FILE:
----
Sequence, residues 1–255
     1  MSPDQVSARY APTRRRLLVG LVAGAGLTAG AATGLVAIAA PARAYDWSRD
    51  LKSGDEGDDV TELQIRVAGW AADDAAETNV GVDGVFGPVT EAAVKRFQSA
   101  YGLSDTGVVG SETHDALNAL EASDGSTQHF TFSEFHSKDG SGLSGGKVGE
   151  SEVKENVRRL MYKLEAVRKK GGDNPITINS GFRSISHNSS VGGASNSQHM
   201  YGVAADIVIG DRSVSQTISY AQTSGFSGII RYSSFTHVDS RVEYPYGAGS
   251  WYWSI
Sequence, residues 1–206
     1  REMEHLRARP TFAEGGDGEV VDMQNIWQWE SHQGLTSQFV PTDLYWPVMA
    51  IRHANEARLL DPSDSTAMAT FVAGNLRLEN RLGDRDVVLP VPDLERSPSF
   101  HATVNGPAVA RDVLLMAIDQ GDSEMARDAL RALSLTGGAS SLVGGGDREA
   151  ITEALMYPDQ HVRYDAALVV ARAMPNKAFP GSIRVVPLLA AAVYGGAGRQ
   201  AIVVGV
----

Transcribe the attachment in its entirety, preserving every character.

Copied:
Sequence, residues 1–255
     1  MSPDQVSARY APTRRRLLVG LVAGAGLTAG AATGLVAIAA PARAYDWSRD
    51  LKSGDEGDDV TELQIRVAGW AADDAAETNV GVDGVFGPVT EAAVKRFQSA
   101  YGLSDTGVVG SETHDALNAL EASDGSTQHF TFSEFHSKDG SGLSGGKVGE
   151  SEVKENVRRL MYKLEAVRKK GGDNPITINS GFRSISHNSS VGGASNSQHM
   201  YGVAADIVIG DRSVSQTISY AQTSGFSGII RYSSFTHVDS RVEYPYGAGS
   251  WYWSI
Sequence, residues 1–206
     1  REMEHLRARP TFAEGGDGEV VDMQNIWQWE SHQGLTSQFV PTDLYWPVMA
    51  IRHANEARLL DPSDSTAMAT FVAGNLRLEN RLGDRDVVLP VPDLERSPSF
   101  HATVNGPAVA RDVLLMAIDQ GDSEMARDAL RALSLTGGAS SLVGGGDREA
   151  ITEALMYPDQ HVRYDAALVV ARAMPNKAFP GSIRVVPLLA AAVYGGAGRQ
   201  AIVVGV